The Dennis Wideman Conundrum

Updated: January 11, 2018 at 2:00 am by Kent Wilson

Glen Gulutzan has a handful of challenges ahead of him as the new Flames coach. 

Perhaps no single obstacle is as big as the bottom end of the Flames blueline rotation. Brad Treliving has so far been unable to clear out any of the clutter from positions 4-6 on the club’s back-end, leaving his new bench boss with an unsightly mix of aging players who all have the same problem: they can’t defend. 

To crystallize this problem further, we’ll concentrate on Dennis Wideman. At $5.25M, Wideman is expensive. He still has some offensive chops, but his defensive game is rapidly swirling around the bowl. In the proper circumstances, Wideman could probably be an asset for at least one more year, but beyond that, you need two very obvious things: shelter at even strength and a partner who can do the defensive heavy lifting. 

The first is possible. The second is the problem. 

So Many Shots Against…

Let’s first establish that Wideman does indeed struggle defensively. Last year, he and Kris Russell had the very worst total shots attempts against at 64.20/60 and 63.42/60, respectively. If we look at Wideman’s corsi against rate plotted in a standard distribution and radar visualization, it becomes clear just how much rubber he surrenders at even strength (via Corsica Hockey):


Keep in mind this is total shots against – meaning a high positive number is bad. 


I added in Wideman’s assist and point rates from the last two seasons against his various relative possession and expected goals against stats for the sake of contrast. As you can see, Wideman is above average when it comes to scoring, but gets run over south of the redline. 

Tied to Anchors

Aside from his own deteriorating defensive abilities, Wideman’s other problem in Calgary is his frequent defensive partners also tend to have the same issues. 

In the last two seasons, Wideman has spent over 1,800 even strength minutes with three guys: Kris Russell, Deryk Engelland and Ladislav Smid. Here’s how he fared with each and cumulatively (via Puckalytics):

Player_Name TOI CF CA CF60 CA60 CF%
Together 1474:31:00 1260 1643 51.27 66.86 43.4
DENNIS WIDEMAN* 801:40:00 674 862 50.44 64.52 43.9
KRIS RUSSELL* 1166:51:00 980 1205 50.39 61.96 44.9
Together 237:39:00 157 257 39.64 64.89 37.9
DENNIS WIDEMAN* 547:36:00 503 557 55.11 61.03 47.5
DERYK ENGELLAND* 710:13:00 627 696 52.97 58.8 47.4
Together 153:30:00 128 173 50.03 67.62 42.5
DENNIS WIDEMAN* 2122:41:00 1806 2332 51.05 65.92 43.6
LADISLAV SMID* 475:29:00 381 492 48.08 62.08 43.6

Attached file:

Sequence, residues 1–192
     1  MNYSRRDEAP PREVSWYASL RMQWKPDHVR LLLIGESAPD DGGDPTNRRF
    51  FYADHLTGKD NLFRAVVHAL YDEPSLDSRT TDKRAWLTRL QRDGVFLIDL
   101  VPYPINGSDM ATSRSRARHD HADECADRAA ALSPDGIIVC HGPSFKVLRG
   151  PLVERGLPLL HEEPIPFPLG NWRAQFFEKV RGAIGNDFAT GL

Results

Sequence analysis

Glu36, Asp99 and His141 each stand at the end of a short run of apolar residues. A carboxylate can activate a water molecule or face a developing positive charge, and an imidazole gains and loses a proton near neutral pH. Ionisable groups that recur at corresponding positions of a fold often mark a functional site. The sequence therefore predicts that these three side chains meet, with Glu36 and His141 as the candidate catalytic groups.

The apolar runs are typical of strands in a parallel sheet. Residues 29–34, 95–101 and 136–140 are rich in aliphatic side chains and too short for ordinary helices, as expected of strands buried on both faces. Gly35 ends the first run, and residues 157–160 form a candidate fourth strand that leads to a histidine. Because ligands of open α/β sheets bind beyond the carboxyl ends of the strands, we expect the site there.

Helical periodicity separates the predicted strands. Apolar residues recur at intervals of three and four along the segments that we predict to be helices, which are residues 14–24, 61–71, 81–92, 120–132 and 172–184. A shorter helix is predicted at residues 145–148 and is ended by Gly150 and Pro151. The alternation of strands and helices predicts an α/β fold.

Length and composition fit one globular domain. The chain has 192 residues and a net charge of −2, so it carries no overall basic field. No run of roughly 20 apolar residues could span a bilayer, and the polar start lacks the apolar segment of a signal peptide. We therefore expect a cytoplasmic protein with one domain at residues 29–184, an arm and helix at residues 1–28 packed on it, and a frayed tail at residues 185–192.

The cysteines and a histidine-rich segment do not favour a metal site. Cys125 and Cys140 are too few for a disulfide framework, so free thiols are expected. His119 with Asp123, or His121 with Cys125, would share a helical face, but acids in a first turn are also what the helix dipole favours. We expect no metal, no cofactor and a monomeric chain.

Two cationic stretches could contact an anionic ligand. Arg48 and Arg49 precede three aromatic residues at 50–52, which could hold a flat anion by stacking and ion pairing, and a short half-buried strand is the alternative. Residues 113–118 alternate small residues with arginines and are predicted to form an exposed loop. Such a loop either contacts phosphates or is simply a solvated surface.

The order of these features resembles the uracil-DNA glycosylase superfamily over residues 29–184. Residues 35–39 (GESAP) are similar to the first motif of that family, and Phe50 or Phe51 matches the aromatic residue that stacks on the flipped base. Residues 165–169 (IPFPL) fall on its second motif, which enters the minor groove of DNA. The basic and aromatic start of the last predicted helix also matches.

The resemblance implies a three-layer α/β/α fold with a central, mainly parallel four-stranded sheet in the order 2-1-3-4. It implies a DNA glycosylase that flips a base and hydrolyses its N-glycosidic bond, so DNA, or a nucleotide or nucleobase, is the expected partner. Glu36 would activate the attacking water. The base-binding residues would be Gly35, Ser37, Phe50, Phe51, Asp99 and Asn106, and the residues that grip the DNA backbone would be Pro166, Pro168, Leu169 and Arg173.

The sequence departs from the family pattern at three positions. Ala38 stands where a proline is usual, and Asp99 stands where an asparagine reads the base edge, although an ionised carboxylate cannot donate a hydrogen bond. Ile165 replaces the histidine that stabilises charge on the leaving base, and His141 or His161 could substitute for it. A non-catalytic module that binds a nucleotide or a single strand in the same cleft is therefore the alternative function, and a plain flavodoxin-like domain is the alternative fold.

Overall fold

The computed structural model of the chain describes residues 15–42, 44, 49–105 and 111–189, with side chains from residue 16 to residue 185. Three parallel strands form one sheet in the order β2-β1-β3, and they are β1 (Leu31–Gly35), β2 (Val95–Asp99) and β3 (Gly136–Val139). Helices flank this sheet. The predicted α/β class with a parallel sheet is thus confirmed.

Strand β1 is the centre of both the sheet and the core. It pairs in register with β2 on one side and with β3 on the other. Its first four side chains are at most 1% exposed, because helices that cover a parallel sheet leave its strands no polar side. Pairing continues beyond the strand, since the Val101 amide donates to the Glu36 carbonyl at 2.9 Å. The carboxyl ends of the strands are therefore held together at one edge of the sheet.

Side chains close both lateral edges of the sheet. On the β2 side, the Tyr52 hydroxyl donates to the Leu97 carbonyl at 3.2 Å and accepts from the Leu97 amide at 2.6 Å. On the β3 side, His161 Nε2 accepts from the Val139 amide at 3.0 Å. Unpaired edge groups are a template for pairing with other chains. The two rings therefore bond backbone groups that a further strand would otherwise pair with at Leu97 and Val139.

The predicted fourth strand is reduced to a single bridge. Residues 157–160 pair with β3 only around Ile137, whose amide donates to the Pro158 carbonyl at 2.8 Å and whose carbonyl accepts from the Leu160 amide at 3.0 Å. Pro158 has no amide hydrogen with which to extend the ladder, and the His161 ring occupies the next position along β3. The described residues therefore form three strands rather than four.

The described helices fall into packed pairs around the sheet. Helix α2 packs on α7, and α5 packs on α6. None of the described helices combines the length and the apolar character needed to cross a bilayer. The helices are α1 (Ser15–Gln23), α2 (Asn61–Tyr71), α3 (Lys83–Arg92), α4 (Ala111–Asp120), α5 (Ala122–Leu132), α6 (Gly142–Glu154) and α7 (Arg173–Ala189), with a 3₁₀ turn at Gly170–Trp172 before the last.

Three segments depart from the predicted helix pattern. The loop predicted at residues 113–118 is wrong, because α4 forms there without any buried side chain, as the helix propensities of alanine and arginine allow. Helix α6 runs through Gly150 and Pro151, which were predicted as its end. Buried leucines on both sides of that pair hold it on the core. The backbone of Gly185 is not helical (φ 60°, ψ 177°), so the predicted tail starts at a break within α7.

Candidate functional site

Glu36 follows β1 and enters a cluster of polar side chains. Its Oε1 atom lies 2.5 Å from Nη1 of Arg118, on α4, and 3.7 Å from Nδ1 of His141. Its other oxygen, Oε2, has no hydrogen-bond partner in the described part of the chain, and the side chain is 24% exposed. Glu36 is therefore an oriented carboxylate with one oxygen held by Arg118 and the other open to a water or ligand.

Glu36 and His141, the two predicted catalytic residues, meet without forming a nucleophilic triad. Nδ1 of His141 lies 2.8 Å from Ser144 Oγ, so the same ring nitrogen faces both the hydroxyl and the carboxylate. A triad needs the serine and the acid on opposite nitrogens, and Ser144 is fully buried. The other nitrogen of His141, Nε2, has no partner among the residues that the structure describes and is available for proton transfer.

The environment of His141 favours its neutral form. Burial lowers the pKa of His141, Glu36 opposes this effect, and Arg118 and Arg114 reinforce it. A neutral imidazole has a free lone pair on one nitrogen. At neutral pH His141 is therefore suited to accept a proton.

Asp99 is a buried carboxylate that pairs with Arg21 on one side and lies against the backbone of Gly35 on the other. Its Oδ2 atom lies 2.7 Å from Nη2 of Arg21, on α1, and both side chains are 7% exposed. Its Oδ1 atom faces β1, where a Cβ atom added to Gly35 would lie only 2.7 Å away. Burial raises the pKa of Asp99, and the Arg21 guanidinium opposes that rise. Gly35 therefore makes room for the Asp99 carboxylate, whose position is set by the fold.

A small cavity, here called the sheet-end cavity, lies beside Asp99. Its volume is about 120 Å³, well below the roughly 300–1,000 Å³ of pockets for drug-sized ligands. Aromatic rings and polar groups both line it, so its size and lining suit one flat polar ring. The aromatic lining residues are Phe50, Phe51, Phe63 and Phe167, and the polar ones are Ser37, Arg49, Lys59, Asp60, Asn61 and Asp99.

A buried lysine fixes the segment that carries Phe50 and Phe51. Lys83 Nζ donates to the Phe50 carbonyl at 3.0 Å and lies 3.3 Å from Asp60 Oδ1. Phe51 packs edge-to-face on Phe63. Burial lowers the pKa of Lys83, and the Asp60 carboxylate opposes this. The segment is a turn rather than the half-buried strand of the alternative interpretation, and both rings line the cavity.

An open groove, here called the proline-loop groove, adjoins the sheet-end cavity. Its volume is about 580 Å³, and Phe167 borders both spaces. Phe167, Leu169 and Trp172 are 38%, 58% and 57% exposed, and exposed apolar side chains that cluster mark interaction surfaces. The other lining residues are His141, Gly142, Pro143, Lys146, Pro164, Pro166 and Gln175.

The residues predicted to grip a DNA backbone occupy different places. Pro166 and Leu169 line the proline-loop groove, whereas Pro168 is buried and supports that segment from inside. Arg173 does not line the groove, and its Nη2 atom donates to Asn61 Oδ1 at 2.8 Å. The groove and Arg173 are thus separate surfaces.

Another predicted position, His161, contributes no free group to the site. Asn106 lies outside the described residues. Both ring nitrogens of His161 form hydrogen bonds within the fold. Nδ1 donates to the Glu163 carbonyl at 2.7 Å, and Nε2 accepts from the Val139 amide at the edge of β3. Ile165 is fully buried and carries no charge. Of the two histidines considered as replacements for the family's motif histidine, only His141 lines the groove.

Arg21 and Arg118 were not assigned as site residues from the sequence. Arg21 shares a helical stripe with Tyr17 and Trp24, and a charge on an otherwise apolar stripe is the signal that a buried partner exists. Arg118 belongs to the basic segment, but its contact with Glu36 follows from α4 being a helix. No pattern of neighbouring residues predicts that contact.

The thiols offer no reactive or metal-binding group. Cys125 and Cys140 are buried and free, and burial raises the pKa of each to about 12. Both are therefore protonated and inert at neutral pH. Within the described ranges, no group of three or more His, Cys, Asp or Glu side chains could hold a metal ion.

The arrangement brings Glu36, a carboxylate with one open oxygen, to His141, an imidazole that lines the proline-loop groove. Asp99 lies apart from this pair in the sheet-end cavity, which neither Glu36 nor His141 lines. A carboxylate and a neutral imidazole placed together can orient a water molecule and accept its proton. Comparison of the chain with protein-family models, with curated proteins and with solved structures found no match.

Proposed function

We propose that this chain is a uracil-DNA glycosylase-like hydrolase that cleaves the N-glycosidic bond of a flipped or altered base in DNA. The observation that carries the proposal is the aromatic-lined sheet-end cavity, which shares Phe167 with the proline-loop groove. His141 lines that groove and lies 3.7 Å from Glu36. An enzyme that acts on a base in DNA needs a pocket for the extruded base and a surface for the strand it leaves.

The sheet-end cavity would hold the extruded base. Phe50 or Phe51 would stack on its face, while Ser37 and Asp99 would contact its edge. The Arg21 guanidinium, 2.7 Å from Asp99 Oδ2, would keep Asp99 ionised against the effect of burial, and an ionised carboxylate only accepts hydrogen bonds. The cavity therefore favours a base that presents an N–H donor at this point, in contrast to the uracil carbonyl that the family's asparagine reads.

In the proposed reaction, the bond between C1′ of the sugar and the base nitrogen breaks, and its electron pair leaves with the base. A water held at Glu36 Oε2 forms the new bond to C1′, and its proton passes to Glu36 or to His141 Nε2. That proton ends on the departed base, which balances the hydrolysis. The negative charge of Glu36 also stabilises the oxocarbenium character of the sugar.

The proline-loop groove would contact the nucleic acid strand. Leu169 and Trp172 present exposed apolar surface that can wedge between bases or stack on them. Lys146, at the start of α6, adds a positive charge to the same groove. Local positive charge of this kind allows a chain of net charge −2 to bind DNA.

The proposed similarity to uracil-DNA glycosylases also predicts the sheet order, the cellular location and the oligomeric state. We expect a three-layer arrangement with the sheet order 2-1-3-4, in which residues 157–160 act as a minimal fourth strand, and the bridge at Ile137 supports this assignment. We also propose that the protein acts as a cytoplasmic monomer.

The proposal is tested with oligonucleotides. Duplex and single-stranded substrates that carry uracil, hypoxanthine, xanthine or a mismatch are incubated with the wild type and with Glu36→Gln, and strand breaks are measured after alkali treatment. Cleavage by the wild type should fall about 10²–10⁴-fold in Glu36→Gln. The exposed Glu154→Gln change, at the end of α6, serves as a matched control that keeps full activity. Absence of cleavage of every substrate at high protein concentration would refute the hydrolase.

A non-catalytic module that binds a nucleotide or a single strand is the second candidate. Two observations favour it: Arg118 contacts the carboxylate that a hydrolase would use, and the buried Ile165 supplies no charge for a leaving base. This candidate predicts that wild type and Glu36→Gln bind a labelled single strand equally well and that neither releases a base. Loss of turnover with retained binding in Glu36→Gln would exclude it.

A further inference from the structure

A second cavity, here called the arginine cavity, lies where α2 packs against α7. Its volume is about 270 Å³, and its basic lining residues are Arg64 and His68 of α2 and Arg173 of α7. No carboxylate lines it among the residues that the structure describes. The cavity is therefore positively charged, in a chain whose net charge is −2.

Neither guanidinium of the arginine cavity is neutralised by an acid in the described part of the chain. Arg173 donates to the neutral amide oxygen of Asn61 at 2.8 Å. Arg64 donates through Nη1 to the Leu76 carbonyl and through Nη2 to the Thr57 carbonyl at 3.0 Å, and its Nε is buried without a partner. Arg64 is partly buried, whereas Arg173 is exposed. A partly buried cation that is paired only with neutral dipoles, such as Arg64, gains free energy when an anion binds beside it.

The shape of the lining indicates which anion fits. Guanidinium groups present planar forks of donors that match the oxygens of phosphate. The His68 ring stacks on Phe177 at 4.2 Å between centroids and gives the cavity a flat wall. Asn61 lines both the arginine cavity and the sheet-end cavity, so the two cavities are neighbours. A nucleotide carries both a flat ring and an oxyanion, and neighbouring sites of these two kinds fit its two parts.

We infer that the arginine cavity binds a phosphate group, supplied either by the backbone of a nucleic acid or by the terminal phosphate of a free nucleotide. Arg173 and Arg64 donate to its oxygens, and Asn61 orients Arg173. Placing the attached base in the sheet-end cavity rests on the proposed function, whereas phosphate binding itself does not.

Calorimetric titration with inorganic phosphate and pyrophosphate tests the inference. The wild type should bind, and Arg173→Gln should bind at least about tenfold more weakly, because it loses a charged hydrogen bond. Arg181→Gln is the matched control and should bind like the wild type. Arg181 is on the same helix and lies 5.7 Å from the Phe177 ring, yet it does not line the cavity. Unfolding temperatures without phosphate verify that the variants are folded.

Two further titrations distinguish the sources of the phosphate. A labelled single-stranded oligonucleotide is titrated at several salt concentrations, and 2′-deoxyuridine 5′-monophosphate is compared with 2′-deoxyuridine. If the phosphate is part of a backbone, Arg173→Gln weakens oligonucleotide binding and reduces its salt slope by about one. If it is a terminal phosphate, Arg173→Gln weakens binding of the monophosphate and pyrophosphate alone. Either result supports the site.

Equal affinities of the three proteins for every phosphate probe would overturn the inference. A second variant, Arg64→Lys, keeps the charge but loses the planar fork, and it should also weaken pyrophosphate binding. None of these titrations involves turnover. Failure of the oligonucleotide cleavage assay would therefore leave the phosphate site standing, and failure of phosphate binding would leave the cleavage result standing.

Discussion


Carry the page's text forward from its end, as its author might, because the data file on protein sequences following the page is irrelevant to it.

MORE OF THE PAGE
Total 1865 1545 2073 49.71 66.69 42.70%

That is putrid. Each combo gets hilariously outshot, posting corsi against rates worse than the worst teams in the NHL. Altogether, Wideman + Smid or Russell or Engelland managed just a 42.7% corsi ratio, giving up 500+ more shots against than they generated.

However, here’s what happens when we stick Wideman with better players: 

Player_Name TOI CF CA CF60 CA60 CF%
Together 185:01:00 182 180 59.02 58.37 50.3
DENNIS WIDEMAN* 2091:10:00 1752 2325 50.27 66.71 43.0
MARK GIORDANO* 2408:17:00 2139 2206 53.29 54.96 49.2
Together 78:25:00 94 72 71.92 55.09 56.6
DENNIS WIDEMAN* 2197:46:00 1840 2433 50.23 66.42 43.1
DOUGIE HAMILTON* 2427:48:00 2378 2216 58.77 54.77 51.8
Together 72:15:00 48 89 39.86 73.91 35.0
DENNIS WIDEMAN* 2203:56:00 1886 2416 51.34 65.77 43.8
TJ BRODIE* 2835:42:00 2442 2688 51.67 56.87 47.6
Total 335 324 341 58.03 61.07 48.72%

We’re only talking about 335 minutes total here, so sample size alert. 

Nevertheless, you can see the drastic difference playing with good players has on Wideman’s results (with the very strange exception of TJ Brodie). Even with Brodie + Wideman struggling together, the overall effect is an improvement in shots for, a drop in shots against and vastly improved corsi ratio as a result. 


So there’s two options to manage Dennis Wideman: 

1.) Play in the top-4 with one of Brodie, Giordano or Hamilton

2.) Play in the bottom pairing with one of Engelland, Smid (if not injured) or a kid (Wotherspoon?)

In the first scenario, you either split up the Giordano/Brodie pairing or put Wideman with Hamilton, forcing one of them to play his off-wing since both at RH shots. Neither seems ideal. 

In the second scenario, Brodie and Giordano remain together, Jokkipaka skates with Hamilton in the top-4 and you give that collection of defenders the lion’s share of ice time all night. Wideman plays with Engelland (both right shots again, though he did play on his off-hand side a bit last season), Smid or a kid and you try to shelter them from any kind of quality competition. 

If you’re thinking “there’s no good answer” here, you’re right. 


Calgary’s blueline corps was one of the most top-heavy in the league last year and that’s not going to change any time soon. the new coaches have the option of trying to squeeze a bit more juice from the Wideman contract by playing with a good partner all year, but that risks undermining the top-4 rotation. 

On the other hand, Wideman has been crushed defensively when playing with many of the Flames third pairing options, so moving him down the rotation effectively means giving the top-3 guys 27 minutes a night and praying. 

Whatever happens, it will be relief when all this bad money comes off the books next summer.

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